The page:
A variable plant in habit, ranging from a small shrub about 1 metre in height to a large shrub up to about 5 metres tall. Widespread in open forest and woodland from northern New South Wales to Tasmania, mainly on the coast and tablelands, usually on sandy soils or sandstone.
It is a species in one of the 3 wattle groups which retain the fern-like, juvenile bipinnate foliage throughout their lives (never producing the adult phyllodes, typical of many wattles in the other two groups).
The pale cream to bright yellow flowers are produced in globular heads, 7 to 12 mm in diameter (each head or globe have up to 13 flowers), with the heads then grouped into conspicuous racemes or panicles which can be about 20 cm long all up; in autumn to mid-spring, depending on locality.
Seed pods are flat, straight or curved, rough and often darker over seeds, 3.5 to 10 cm long and to 2 cm wide.
An attractive garden plant that grows quickly and flowers within one or two years from seed. It is reliable in a range of soils but is reported to be short lived due to attack by borers.
Acacias can suffer from a number of pests, including borers, scale, galls and leaf miners. Growing plants suitable to your local environment minimises these occurring.
Propagation is easy from scarified seed by covering with boiling water for 24 hours and discarding any seeds still floating on the surface.
A. terminalis was previously known as A. botrycephala.
Four subspecies have been recognised, although there are additional hybrids, especially around Sydney:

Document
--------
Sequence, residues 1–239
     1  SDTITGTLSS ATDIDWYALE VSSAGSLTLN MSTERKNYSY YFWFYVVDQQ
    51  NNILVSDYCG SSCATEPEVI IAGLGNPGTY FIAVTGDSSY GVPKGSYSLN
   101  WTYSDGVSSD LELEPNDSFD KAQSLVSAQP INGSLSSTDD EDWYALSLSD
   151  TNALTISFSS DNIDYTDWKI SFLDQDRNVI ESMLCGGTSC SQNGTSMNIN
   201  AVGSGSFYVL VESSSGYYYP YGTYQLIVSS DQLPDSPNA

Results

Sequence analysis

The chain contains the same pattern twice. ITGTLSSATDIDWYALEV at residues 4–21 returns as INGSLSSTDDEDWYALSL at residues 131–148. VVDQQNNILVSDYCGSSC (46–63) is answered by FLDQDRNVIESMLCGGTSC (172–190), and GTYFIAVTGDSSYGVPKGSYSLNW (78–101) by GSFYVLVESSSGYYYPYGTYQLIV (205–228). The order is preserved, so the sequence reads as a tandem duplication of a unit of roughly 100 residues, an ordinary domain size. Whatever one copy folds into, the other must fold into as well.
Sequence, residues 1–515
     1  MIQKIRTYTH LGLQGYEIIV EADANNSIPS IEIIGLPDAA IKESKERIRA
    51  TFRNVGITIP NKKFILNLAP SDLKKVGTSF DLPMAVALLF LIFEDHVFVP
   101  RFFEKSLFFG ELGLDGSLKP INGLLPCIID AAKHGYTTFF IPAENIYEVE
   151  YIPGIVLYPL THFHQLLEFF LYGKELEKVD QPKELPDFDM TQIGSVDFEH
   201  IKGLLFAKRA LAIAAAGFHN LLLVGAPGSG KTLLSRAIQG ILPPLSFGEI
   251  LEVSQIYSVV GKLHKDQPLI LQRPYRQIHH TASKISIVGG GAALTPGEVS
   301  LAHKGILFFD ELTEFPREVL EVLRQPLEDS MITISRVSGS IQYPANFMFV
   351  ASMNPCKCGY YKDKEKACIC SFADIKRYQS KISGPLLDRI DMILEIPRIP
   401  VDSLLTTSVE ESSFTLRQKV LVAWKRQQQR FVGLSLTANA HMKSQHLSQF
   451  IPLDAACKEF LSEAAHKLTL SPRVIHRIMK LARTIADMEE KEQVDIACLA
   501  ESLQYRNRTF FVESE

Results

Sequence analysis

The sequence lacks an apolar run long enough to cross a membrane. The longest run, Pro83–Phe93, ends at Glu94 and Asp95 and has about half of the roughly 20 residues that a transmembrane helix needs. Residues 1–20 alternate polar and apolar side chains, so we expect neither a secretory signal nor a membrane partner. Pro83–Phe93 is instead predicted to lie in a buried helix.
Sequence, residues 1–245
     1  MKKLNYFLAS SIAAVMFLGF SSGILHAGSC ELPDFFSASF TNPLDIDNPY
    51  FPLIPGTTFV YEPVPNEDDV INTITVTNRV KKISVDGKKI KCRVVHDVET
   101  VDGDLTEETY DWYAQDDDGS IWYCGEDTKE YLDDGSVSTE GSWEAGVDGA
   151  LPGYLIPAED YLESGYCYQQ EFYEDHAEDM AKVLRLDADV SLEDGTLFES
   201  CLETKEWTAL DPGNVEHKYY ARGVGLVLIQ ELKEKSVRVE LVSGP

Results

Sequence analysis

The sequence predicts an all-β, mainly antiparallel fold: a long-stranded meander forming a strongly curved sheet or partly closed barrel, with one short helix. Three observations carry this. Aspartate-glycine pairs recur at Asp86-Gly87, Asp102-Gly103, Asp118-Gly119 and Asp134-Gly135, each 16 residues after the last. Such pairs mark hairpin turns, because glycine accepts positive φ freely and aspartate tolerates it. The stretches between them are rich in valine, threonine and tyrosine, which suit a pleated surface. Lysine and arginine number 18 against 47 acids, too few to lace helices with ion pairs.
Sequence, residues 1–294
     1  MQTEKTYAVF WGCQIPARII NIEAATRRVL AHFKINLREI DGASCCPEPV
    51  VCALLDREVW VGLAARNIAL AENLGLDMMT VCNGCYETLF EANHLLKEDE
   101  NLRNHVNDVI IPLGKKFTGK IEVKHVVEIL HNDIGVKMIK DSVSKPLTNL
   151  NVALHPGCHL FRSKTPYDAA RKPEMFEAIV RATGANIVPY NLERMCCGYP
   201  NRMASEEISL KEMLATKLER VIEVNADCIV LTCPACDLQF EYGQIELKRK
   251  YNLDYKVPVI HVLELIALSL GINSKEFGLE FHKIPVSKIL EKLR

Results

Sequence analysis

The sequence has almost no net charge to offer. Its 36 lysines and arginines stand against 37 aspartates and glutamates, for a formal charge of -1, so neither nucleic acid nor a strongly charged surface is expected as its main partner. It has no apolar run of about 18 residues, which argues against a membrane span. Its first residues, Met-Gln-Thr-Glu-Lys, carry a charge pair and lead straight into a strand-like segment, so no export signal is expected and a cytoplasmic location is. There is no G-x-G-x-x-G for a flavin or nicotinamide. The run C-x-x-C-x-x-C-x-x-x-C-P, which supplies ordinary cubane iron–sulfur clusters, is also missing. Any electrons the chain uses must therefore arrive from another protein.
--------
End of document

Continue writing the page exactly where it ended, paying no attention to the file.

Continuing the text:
A. terminalis subsp. angustifolia (now referred to as subsp. Glabrous Form)
A. terminalis subsp. aurea (now referred to as subsp. Bright Yellow Flowers)
A. terminalis subsp. longiaxialis (now referred to as subsp. Long Inflorescences)
A. terminalis subsp. terminalis: (now referred to as subsp. Eastern Sydney), is listed as an Endangered Species under the Commonwealth Environment Protection and Biodiversity Conservation Act 1999 and NSW Biodiversity Conservation Act 2016.
It is rare and confined to the Eastern Suburbs of Sydney, between Cronulla and Manly.
Note: the currently referred to names for the subspecies indicate that formal names are yet to be published in a scientific journal.
The three other subspecies are not considered to be at risk in the wild.
Regeneration from seed after fire has been observed.
Acacia from Greek acis, a thorn.
terminalis from Latin terminalis, at the end of or terminal, possibly referring to the position of the flower clusters on the branches.